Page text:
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Survey reveals high demand for telco bandwidth from content owners
Posted on Thursday, August 12, 2010

As broadcasters migrate to IP, nearly two thirds would use telco networks for video transport

August 12, 2010 – A recent survey by video transport solutions provider Nevion has found that content owners, and in particular, broadcasters, are keen to use communications service providers’ IP networks for video transport. Of more than 200 content owners from across the globe - including broadcasters, cable TV companies, film studios, government agencies and educational institutions – 25% are already taking advantage of service providers’ IP networks, and a further 45% would consider doing so. Broadcasters appear particularly enthusiastic about the opportunity of working with service providers, with 65% saying they would do so.

 “Broadcasters have previously been unconvinced of the ability of telco networks to handle their traffic. But with the growth of technologies such as HD, 3D and 3Gbps infrastructure, combined with the need to maximize revenues by selling content, broadcasters’ bandwidth needs are ever-increasing and telcos are the only companies with the infrastructure to meet them,” said Oddbjorn Bergem, CEO, Nevion. “While this presents a very attractive business opportunity that should be explored and maximized, service providers must understand the very specific needs of the broadcast industry for the relationship to be successful.”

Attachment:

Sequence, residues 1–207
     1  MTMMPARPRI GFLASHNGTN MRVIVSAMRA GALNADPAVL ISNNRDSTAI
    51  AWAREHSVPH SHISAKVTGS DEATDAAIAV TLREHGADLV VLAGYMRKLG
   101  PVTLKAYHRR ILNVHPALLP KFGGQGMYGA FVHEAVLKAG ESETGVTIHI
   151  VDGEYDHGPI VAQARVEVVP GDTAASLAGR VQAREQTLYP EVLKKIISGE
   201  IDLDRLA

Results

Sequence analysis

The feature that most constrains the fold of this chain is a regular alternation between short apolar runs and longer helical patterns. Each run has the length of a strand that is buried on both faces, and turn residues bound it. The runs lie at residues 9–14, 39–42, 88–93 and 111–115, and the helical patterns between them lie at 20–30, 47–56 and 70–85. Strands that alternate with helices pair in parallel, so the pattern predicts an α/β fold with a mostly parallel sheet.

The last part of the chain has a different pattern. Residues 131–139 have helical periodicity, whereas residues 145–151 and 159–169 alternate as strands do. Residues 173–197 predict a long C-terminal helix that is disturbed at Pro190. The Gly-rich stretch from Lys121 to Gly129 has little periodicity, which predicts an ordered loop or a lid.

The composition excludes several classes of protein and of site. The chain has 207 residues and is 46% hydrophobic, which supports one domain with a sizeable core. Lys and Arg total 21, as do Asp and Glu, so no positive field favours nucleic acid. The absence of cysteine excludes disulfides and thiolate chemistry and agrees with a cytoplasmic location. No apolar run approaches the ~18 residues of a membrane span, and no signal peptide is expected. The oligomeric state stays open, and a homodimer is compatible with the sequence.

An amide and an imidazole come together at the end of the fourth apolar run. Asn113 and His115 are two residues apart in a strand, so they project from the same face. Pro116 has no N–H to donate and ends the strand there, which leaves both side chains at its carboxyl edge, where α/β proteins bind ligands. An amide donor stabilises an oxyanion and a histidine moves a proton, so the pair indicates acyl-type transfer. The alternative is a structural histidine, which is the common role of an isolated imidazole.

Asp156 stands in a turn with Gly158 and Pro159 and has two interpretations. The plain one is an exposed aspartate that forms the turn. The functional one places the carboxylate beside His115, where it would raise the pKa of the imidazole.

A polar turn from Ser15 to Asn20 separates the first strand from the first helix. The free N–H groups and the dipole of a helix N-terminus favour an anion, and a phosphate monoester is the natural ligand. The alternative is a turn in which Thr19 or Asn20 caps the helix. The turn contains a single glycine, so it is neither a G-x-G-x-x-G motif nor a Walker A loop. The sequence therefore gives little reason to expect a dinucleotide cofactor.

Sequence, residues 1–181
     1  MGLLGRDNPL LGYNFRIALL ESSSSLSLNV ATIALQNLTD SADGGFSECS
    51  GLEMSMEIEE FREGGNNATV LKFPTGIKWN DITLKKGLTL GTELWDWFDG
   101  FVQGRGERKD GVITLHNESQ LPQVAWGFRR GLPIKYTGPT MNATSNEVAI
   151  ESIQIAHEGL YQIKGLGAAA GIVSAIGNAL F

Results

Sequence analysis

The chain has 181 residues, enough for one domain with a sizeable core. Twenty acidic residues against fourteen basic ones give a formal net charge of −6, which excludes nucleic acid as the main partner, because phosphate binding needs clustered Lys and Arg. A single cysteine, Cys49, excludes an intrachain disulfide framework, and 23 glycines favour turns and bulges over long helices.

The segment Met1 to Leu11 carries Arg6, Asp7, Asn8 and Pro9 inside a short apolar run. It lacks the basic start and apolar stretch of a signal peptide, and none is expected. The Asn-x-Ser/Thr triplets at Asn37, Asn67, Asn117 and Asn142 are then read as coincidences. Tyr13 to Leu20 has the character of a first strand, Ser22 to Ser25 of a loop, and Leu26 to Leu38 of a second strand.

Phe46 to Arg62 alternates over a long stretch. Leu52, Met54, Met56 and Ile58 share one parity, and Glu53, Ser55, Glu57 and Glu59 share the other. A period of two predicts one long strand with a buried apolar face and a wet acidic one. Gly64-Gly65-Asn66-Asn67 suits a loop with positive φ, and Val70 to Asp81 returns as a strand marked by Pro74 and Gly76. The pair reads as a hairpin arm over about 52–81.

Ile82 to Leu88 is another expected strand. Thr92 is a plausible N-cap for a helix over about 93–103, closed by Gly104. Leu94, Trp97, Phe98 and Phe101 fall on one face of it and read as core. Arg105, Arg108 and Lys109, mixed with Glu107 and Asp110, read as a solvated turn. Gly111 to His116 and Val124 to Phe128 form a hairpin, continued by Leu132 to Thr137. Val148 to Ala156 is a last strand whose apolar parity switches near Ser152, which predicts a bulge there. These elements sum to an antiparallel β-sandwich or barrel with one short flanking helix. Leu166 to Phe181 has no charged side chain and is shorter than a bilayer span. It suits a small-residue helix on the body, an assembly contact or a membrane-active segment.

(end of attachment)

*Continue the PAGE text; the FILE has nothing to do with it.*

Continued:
Despite a willingness to work with service providers, content owners reported a number of apprehensions about doing so. Top of the list was the cost of using their networks (35%), closely followed by maintaining the quality of their content, with 31% concerned that service providers wouldn’t understand the importance of this. 22% were afraid of losing control over their content and the way it’s transported, while 17% felt that service providers’ fault escalation procedures wouldn’t have the level of response they expected.

“Maintaining video quality is one of the top priorities for content owners and this is particularly true when it comes to broadcast contribution networks where video is typically transported non-compressed or very lightly compressed,” explained Bergem. “Whereas IP is designed with high tolerance for error and for non-real-time transport, video transport introduces an extreme requirement for error-free, real-time delivery. With JPEG 2000 compression, service providers can achieve visually and mathematically lossless compression to preserve video quality; transport streams offer the control and monitoring capabilities broadcasters are used to; and protection switching provides redundancy to ensure SLAs are adhered to. These three elements are critical to maintaining a mutually beneficial relationship with broadcasters.”